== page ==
Be water, my friend

My generation would remember Bruce Lee for his martial arts skills and as an action star in movies such as Fist of Fury and Enter the Dragon. Forty-seven years ago, Bruce Lee began to write out his philosophies in an article called ‘In My Own Process’. Many of you may not be aware of the philosophical side of Bruce Lee. He carried energy through his thoughts and words. He addressed the core ideas of a human being comparing with water. Sadly, he passed away before he could finish the article. His daughter Shannon, who was four years old at the time, took it on her shoulders to put those philosophies in a book called ‘Be Water, My Friend’. She illuminates her father’s perspectives demonstrating how martial arts could be an excellent metaphor for personal growth.
Water is gentle and yet very powerful. Try to grab water; it runs away from you. The nature of water is finding its way, carving its paths, running past the obstacles and water becomes unstoppable. The powerful entity can take down the whole towns, and bring the public administration to the knees. The recent floods in Southern India are ample testimony to this fact.
In the book by Shanon Lee, we discover how being like water allows us to embody fluidity and naturalness in life, bringing us closer to our essential flowing nature and our ability to be powerful, self-expressed, and free. The water is a metaphor for an open mind to access and experience new things.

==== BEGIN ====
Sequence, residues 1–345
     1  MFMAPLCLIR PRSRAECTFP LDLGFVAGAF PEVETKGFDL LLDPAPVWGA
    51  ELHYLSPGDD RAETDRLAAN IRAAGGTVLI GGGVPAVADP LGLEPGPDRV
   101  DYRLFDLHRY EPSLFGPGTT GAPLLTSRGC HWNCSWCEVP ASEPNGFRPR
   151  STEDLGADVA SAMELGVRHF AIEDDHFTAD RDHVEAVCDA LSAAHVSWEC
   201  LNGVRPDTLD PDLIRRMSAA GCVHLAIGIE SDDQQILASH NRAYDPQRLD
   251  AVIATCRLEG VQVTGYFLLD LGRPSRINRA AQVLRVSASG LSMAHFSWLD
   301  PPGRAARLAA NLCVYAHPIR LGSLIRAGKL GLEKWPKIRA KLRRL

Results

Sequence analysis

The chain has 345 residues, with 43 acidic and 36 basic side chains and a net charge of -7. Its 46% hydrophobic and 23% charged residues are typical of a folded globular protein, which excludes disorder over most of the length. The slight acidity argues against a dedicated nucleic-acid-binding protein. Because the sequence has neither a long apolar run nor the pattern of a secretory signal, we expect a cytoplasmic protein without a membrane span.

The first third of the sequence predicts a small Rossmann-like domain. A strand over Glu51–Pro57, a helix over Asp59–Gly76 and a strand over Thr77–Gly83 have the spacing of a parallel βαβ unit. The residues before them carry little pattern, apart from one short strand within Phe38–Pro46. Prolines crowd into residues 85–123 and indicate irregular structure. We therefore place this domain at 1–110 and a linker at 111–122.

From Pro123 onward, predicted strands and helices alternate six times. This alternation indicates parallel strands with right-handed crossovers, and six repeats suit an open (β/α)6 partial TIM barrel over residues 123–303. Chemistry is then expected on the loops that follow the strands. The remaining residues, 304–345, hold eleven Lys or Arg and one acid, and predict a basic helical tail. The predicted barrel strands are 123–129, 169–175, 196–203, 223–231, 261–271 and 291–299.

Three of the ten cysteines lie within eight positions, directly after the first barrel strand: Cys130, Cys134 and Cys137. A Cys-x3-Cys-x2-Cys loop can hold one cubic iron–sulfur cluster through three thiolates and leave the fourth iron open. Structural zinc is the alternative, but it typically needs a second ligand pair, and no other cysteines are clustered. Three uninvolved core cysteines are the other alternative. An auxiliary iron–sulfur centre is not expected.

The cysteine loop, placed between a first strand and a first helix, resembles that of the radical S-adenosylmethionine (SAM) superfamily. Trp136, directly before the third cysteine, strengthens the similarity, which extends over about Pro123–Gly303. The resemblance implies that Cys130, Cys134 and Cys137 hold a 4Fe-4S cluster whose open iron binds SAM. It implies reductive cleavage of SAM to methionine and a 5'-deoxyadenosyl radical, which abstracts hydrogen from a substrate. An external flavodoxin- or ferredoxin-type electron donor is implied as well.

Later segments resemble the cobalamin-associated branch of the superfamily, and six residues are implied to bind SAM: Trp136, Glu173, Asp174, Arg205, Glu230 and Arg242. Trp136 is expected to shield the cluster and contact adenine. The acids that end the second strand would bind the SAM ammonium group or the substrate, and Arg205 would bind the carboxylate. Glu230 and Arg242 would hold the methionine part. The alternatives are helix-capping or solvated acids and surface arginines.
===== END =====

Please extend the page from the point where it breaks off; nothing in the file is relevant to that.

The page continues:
I had a different experience with water last week. The Cauvery water flows into our house three times a week, thanks to the ‘valve’ man from the water supply board. One day water decided not to come into our home, while my neighbours had ample supply. My brother in law started the investigation and consulted his friends to find the root cause. Everyone had his theory of why water is not flowing into the house. Detailed inspection of the delivery system did not yield any result. After prolonged deliberations, we decide to install a new pipe for the last sixty feet to deliver water into the tank. This process requires to cut the public road across and lay a new line to connect to the mainline. I do not want to discuss the nuts and bolts of the process. After a few days of hard work by a dedicated crew, the new water delivery system to our house is ready. When it is time to test the connection, one water supply operator appears in front of the house. He is curious about the meticulous work on the new link. Upon questioning, he confessed that he is responsible for stopping the line a few days earlier as there was a leak and exactly knew where he disconnected the line. He went on vacation for three days, and none of his colleagues knew what happened. All the effort would not have been necessary if any of us knew that this ‘good samaritan’ has stopped the line.
It was a classic case of failure of ‘ Group Think’. Ideas flowed like water, and everyone in the group presented a great insight into why there is no water supply. Openness and experience sharing was visible to solve the water problem. It never dawned on anyone to check whether all the stakeholders were present in the discussion. Poor ‘valve man’ was left out, resulting in a wasteful effort to build a new line.
What is the moral of the story?
Group Think is good. But not always. On some occasions, the group decision also could go southwards. It is not enough to have the qualities of water: free flow, fluidity and openness.

Photo by Noah Usry on Unsplash



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